“But the Challenge Cup is special, no matter who you speak to. You remember all of the Australians who’ve come across and they used to say that’s what they’d always get up for back home, to watch the Challenge Cup because they don’t have that kind of competition over there.
“For people who live in the UK, whether you’re amateur or professional, that’s always been one of the pinnacles of the game.”
🗣️ "The Club belongs to the community"
🙌 Ian Watson stressed that the team know just how much the city will be cheering for them on Saturday, despite supporters not being inside the ground.
📺 WATCH the full video on RDTV👉https://t.co/SnzBzIBsRJ pic.twitter.com/NFpCERrahJ
Watson and chief executive Ian Blease, another former Salford player who hails from nearby Swinton, have done much to try to bring the club and community closer together and the former feels they are starting to see the benefits of that.
Reaching two major finals in as many seasons has helped rekindle an interest in rugby league in the area too and Watson knows what beating Leeds Rhinos to lift the Challenge Cup on Saturday could do for both the Red Devils and the sport at grassroots level.
“Hopefully with last year getting to the Grand Final, that kind of reignited that bit of fire with the youngsters that rugby league is a possibility and you can win things playing at Salford,” Watson said.
“Getting to the Challenge Cup final hopefully cements that as well and gets more guys out there playing rugby rather than football.
Hopefully with last year getting to the Grand Final, that kind of reignited that bit of fire with the youngsters that rugby league is a possibility and you can win things playing at Salford.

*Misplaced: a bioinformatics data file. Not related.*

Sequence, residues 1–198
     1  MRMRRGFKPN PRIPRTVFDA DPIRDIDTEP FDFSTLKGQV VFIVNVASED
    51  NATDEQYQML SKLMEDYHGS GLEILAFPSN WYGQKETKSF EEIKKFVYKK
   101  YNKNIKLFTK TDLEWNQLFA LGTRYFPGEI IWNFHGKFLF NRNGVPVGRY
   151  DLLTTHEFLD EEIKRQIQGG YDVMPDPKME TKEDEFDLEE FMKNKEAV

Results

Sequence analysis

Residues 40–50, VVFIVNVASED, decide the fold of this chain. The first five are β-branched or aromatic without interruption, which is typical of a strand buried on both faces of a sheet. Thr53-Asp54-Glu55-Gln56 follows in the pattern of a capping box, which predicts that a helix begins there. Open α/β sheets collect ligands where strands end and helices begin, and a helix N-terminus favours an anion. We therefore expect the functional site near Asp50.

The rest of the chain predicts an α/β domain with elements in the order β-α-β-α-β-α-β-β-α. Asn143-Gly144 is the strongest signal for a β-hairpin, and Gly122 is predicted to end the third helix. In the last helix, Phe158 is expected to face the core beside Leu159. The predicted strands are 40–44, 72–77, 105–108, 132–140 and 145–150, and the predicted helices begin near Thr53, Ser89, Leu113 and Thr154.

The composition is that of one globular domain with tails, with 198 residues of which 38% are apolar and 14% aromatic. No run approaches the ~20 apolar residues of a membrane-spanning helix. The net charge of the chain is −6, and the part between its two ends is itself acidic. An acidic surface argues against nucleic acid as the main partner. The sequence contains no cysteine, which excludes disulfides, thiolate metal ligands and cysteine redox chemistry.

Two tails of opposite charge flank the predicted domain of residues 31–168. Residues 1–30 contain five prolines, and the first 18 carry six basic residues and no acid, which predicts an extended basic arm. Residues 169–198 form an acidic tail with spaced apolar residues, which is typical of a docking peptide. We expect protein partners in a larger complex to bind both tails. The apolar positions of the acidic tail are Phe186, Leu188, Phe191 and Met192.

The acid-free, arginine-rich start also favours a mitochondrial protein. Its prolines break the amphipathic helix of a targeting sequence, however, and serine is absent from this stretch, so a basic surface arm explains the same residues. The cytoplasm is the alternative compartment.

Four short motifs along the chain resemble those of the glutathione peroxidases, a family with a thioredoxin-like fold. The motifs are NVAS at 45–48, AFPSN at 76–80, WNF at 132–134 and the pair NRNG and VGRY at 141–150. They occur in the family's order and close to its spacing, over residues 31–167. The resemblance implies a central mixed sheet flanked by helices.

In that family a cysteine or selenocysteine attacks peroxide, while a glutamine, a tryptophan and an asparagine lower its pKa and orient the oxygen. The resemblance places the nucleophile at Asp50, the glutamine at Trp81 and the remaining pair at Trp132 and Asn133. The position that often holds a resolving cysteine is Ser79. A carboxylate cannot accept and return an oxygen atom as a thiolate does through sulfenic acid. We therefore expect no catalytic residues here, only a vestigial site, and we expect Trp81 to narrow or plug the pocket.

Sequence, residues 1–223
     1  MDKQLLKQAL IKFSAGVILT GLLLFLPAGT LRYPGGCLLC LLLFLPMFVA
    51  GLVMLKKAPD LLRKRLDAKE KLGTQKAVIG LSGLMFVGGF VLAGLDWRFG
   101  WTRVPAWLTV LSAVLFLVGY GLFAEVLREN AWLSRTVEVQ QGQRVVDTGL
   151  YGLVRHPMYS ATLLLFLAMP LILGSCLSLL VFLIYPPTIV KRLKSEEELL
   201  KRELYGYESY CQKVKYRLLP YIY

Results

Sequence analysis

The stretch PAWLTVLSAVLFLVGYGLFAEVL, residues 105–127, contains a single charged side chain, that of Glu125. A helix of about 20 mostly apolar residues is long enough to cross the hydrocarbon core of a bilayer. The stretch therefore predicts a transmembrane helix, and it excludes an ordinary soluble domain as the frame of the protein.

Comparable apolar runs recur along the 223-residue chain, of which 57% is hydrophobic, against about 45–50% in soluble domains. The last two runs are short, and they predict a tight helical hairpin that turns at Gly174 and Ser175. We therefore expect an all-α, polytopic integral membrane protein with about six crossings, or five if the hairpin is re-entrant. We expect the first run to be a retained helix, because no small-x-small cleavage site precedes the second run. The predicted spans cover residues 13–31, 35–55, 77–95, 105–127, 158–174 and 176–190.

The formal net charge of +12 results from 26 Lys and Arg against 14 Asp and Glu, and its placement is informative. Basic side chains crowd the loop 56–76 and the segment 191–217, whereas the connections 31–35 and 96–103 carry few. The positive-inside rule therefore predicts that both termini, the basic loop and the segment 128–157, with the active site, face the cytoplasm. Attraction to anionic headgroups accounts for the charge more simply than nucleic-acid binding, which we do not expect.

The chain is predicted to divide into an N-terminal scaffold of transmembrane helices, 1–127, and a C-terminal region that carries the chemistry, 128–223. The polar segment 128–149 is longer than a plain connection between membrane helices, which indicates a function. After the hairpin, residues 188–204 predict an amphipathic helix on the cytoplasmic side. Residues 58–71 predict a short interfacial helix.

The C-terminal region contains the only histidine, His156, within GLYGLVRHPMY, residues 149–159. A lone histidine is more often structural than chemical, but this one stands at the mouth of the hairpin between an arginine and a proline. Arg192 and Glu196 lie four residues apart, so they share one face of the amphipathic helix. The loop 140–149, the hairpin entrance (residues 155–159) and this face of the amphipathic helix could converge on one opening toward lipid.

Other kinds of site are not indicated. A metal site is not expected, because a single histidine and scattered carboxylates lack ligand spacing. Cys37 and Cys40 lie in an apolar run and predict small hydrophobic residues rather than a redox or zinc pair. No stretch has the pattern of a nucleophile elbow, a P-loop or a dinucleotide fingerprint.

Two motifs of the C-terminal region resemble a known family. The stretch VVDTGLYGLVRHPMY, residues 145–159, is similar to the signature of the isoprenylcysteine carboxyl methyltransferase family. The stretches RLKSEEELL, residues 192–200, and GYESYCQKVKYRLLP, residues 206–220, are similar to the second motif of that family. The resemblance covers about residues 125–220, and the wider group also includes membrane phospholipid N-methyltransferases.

“Obviously, we have massive competition with [Manchester] United and City, everyone wants to go there because they see the limelight, the money and everything else.
“But over the last couple of years Salford within the community, and becoming more of a community team as well and community owned by supporters and local businesses, I really think it’s generated a better feel to it.”
Although he did not get to experience a Challenge Cup final during his playing career, Watson has graced the Wembley turf as part of the Wales team which played New Zealand there during a Four Nations double-header in 2011.
Even so, the ex-Salford half-back will be leaving it to former finalists in the squad like Kevin Brown and Tyrone McCarthy to prepare the rest of the Red Devils squad with their experiences.
“It’s completely different, playing for Wales to a Challenge Cup final,” Watson said.
“I’ve never been lucky enough and was probably never good enough to play in a Challenge Cup final either, so we’ll leave that to the players.
“The guys who’ve experienced it have already spoken about what it means to them, what it’s like going out there and we’ll rely on those experiences rather than any of mine.”